The formula technique in the Homeric poems is, indeed, so perfect, the system of formulas, as Parry showed, is so "thrifty," so lacking in identical alternative expressions, that one marvels that this perfection could be reached without the aid of writing. [3] We have already shown that the thrift of the Yugoslav poetry is greater than was previously believed. To determine the thrift of a poetry, one should confine oneself to the work of a single singer, as we have done in the foregoing chapters, and one should take into consideration all the poetic elements in a formula, including its acoustic pattern. The misunderstanding of Yugoslav thrift has come about by reading hastily through collections from many different singers from different regions and from different times. This method is not precise enough to yield reliable results. Moreover, even were one to limit oneself to a single singer and make use of only sung texts, one would still not arrive at a just picture of the situation for comparison with the Homeric poems. One must always make allowances and adjustments for sung texts and their deviations which arise from the pressure of rapid composition. Dictated texts of a carefully controlled type must be used for the comparison. When this was done, we saw that we had statistics comparable to those for the Homeric poems, which must of necessity be dictated and not sung texts. By making one's methods more exact, by considering the nature of the texts chosen in the Yugoslav experiment, and by understanding the type of text represented in the Homeric poems, one sees that the discrepancies between the statistics for the two traditions disappear.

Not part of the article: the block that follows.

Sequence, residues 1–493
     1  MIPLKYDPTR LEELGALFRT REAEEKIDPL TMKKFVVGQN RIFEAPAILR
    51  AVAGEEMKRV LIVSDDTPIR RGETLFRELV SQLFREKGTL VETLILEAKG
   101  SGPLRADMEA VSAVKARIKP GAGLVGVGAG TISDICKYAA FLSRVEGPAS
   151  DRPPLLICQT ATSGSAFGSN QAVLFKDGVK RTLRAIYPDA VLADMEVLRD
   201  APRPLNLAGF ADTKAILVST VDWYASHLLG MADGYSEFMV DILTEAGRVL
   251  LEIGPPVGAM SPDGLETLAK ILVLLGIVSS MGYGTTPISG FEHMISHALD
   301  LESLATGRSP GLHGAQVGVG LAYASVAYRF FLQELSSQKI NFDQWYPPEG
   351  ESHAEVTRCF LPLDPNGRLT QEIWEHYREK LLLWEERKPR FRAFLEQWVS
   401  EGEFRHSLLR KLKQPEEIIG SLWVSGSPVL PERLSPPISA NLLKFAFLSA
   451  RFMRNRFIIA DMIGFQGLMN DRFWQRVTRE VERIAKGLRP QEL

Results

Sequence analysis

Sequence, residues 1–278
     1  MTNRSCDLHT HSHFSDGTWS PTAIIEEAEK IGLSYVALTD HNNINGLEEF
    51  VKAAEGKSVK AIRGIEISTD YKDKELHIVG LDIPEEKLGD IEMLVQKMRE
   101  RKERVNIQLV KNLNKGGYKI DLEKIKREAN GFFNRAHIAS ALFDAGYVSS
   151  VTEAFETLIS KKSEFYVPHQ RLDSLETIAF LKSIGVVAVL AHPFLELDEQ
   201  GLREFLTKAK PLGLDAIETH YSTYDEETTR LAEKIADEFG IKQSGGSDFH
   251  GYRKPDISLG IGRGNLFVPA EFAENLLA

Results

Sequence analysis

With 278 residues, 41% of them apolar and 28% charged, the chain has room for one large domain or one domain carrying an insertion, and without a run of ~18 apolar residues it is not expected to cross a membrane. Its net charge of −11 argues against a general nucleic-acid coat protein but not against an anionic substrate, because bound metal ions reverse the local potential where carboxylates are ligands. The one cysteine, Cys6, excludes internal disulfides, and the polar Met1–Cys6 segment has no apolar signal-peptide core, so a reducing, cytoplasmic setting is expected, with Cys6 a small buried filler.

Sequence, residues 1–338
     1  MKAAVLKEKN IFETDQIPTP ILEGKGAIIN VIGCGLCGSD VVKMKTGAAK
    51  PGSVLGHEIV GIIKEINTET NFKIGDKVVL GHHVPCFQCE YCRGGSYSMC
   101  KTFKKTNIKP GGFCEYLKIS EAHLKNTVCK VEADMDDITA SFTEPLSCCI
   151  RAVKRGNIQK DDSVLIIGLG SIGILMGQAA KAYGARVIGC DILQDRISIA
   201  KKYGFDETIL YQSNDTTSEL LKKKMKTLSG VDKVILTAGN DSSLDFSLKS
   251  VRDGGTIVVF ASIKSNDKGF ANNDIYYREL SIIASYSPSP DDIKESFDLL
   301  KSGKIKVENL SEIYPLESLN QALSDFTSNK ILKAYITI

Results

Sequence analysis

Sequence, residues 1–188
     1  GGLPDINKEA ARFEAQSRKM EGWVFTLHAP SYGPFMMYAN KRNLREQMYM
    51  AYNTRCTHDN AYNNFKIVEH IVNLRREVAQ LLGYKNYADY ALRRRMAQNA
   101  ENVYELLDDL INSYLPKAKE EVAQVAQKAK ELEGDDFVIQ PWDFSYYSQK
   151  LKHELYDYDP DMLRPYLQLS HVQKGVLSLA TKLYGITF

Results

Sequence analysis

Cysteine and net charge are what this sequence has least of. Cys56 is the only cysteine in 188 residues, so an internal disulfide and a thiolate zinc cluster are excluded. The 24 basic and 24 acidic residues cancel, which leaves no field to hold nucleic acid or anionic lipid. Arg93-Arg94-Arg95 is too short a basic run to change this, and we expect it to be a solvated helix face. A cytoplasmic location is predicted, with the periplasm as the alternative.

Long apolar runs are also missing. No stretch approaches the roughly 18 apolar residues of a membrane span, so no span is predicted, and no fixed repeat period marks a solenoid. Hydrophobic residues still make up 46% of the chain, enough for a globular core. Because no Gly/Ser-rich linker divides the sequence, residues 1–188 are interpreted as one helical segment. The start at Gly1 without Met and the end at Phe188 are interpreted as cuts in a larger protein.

The formulaic techniques, therefore, in the Greek and South Slavic poetries are generically identical and operate on the same principles. This is the surest proof now known of oral composition, and on the basis of it alone we should be justified in the conclusion that the Homeric poems are [144] oral compositions. But there are other characteristics which can corroborate this conclusion.
In his study of enjambement in the Homeric poems Parry indicated that necessary enjambement is much less common in the epics of Homer than in Virgil or Apollonius. [4] The line is a metrical unit in itself. In Yugoslav song necessary enjambement is practically nonexistent. The length of the hexameter is one of the important causes of the discrepancy between the two poetries. It is long enough to allow for the expression of a complete idea within its limits, and on occasion it is too long. Then a new idea is started before the end of the line. But since there is not enough space before the end to complete the idea it must be continued in the next line. This accounts for systems of formulas that have been evolved to fill the space from the bucolic diaeresis to the end of the line, with complementary systems to take care of the run-over words in the following line.